Harvest Time, Part Three

“What you have learned and received and heard and seen in me – practice these things, and the God of peace will be with you.” (Philippians 4:9, ESV)

The missionaries to America that we have been focusing on during this mission series have what I call a heroic faith. They have endured much more than most of us ever will. Most of them have literally risked their lives for their faith. They work long hours at both their regular jobs and at their mission work. They are extremely dedicated to reaching lost souls for Christ.

But they still need training. Having the desire and willingness and devotion to be a missionary is not enough. Even the Christians in Philippi, a congregation that the Apostle Paul had founded, needed training, as Paul says in the passage above, “What you have learned and received and heard and seen in me – practice these things.”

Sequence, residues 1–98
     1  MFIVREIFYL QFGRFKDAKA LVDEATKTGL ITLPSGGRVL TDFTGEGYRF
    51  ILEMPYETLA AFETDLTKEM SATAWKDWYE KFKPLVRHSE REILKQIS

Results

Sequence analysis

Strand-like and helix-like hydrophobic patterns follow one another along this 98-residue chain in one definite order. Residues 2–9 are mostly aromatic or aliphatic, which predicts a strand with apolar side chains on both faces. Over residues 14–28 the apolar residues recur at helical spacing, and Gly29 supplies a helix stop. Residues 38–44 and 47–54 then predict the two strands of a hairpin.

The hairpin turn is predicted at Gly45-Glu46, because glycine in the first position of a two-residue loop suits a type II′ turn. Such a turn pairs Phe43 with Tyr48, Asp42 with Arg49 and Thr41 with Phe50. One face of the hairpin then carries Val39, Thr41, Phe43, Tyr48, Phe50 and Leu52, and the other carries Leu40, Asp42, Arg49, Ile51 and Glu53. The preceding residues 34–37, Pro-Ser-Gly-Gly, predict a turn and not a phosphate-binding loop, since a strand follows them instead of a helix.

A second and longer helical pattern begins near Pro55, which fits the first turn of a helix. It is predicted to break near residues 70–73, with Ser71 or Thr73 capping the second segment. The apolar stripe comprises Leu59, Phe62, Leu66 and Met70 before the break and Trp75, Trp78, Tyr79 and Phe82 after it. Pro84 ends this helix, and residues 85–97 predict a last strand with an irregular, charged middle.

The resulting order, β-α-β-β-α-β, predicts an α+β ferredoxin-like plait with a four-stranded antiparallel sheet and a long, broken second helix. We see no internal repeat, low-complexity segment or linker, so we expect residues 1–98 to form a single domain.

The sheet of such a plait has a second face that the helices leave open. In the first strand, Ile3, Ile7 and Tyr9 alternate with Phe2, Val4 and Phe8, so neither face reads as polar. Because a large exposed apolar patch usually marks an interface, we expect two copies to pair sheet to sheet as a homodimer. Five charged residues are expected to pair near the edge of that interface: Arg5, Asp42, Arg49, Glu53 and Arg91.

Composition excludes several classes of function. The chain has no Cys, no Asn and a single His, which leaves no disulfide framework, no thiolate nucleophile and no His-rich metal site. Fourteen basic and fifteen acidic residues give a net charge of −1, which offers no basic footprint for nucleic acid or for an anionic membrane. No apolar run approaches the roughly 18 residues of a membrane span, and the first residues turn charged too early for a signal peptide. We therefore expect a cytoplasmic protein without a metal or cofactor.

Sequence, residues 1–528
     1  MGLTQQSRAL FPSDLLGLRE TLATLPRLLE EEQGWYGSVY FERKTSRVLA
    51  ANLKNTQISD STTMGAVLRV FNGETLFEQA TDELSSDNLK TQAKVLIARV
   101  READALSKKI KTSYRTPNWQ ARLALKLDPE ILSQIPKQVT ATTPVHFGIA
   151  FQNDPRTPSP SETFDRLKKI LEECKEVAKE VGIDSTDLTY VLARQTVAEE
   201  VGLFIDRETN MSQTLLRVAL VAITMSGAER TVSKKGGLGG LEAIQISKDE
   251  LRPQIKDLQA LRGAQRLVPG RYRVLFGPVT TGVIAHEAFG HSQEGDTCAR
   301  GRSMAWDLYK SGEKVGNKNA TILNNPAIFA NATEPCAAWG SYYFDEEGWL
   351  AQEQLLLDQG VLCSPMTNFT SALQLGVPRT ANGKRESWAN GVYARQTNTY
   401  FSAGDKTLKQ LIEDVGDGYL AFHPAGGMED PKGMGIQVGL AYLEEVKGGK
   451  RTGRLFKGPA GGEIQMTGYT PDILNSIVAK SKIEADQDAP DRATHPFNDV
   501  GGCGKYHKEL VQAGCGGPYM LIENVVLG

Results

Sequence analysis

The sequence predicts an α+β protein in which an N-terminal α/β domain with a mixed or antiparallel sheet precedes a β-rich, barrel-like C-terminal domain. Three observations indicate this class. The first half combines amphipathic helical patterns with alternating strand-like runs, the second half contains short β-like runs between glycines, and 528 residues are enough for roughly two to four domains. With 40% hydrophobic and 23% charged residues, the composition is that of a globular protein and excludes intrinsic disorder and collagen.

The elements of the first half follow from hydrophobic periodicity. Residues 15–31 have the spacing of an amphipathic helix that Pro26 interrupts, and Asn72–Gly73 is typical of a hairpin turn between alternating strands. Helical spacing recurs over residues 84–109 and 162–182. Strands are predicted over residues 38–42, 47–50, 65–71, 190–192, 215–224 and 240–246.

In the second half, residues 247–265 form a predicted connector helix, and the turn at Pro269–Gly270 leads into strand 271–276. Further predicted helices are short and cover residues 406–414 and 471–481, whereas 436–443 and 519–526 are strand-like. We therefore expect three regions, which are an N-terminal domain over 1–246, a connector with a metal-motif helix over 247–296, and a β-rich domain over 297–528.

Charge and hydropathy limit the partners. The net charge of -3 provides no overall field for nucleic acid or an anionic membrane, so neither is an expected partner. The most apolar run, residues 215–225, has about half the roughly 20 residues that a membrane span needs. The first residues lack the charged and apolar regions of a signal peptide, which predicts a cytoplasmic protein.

Just this past week I heard someone who claimed they were a Christian but they said only followed the New Testament. This is a heresy that goes all the way back to the early days of the church and a heretic named Marcion.

Missionaries need training to recognize these heresies and how to deal with them because they keep coming up. It’s easier for missionaries if they can quickly identify a heresy and say, “The church already dealt with that.” They can’t do that if they don’t have training.

The problem is that these missionaries to America cannot leave their homes and go to the seminary for training. Almost all of them are bi-vocational, they have jobs in the real world in addition to their mission work. If they left to go to the seminary for four years they would lose their jobs and their ministries would likely collapse.

All the early Christian missionaries were bi-vocational. The Apostle Paul, who set the pattern for mission work was bi-vocational. In addition to his mission work he was a tentmaker. I suspect that the four Apostles, who were fishermen before the Lord called them, continued to use their skills as fisherman during their ministries.